Following a surge of people getting on their bikes in 2020, governments began building new bike lanes to foster the growth in sustainable, active transport.
The Victorian government announced its 100 kilometre Pop Up Bike Lanes project with new and improved bike routes across Melbourne. The City of Melbourne fast-tracked protected bike lanes from its 2030 Transport Plan, while other councils built more places to ride.
It is an exciting time for Melbourne and another step towards becoming a more bike-friendly city. Here’s how we can make a fair evaluation of bike lanes and ensure a change forever.
What is a fair evaluation?
As part of any trial, local and state governments must monitor and evaluate infrastructure to ensure that they are good investments and fit-for-purpose. In the case of bike lanes, a common evaluation method is counting increases or decreases in bike riding volumes before and after installing the lane.
So to determine whether pop-up bike lanes have had a positive effect on people riding bikes in a way that is reasonably fair and balanced, a carefully detailed monitoring and evaluation plan spanning at least 12 months is required.
This will ensure that seasonal changes in bike riding habits and external factors, such as lockdown restrictions, do not affect the trial findings. Let’s break it down further …
Five key steps to evaluating a new bike lane
1. Control sites
It is important to compare new bike lanes with a nearby untreated or ‘control’ site.
This allows us to account for any changes in bike volume due to outside effects, such as rainy weather or lockdown restrictions.
2. Mixed methods
Evaluating isn’t just about counting bikes. As well as quantitative (number-based) data, we should also collect qualitative (descriptive-based) data. Surveys, for example, will be essential for evaluating community attitudes to bike lane treatments.
3. Use modern counting technology
State-of-the-art traffic counting methods, such as AI-based counters, allow us to go above and beyond. We can gather long term data over wider areas, whilst also classifying road users and tracking their individual movements.
4. Pick good data collection points
Selecting the area for data collection must be done carefully. Consideration should be given to the location of key destinations such as schools, business and retail areas. Zones of high bike riding should be prioritised, so that bike traffic flow behaviours can be monitored.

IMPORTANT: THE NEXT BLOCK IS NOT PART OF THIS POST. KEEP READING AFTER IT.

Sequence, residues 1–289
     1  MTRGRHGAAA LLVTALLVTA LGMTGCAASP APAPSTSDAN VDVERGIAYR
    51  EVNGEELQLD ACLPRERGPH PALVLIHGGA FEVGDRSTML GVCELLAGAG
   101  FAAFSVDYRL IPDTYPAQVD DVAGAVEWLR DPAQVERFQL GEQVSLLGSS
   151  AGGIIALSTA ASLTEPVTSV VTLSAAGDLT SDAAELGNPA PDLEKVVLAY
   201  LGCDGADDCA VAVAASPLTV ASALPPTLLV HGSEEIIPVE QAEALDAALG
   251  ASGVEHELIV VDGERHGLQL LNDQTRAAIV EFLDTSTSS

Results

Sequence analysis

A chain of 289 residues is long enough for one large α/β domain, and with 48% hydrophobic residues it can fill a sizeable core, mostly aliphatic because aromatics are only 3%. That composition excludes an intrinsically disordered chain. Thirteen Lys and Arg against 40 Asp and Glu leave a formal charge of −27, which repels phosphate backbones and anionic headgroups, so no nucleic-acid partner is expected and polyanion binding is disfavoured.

5. Establish a 12-month timeline
Climate, weather patterns, school terms and daylight hours change throughout the year and will all have an effect on people’s choice to ride bikes.
A fair evaluation should be long enough to accommodate for these factors. A period no less than 12 months will allow for reasonable insights to be made.
Read our submission on pop-up bike lanes
In June 2021, Bicycle Network prepared a submission that details our recommendations for a fair evaluation of pop-up bike lanes.
To assist state and local governments with the roll-out and evaluation of pop-up bike lane treatments, Bicycle Network provided five key recommendations for measuring the effects of pop-up bike lanes in a robust and systematic manner.
These recommendations were provided in kind to ensure a fair go for the new bike lanes, and to help foster more active transport-focused urban planning.
As explained in the submission, the need for data goes beyond simply measuring the success of the bike lanes. The Victorian Government has highlighted its aims to increase bike riding patronage into the future, but to achieve this, we require strong policy that shapes Victoria’s bike riding experience. Strong policy requires strong data, and this needs to start now.READ OUR SUBMISSION
We know that collective action can make a difference. Help show the government that new pop-up bike lanes are a positive step towards a more healthy, sustainable and liveable Victoria.
Here are some ways that you can show your support.
Email the Minister for Roads and Road Safety
Send a quick email to Minister Ben Carroll about your positive experiences using the new pop-up bike lanes.Email Minister
Share our submission
Take snaps of you and others riding on the pop-up bike lanes. Share your photos on social media.Our Submission
Share on social
Help spread the word about pop-up lanes and share this website with your friends and family.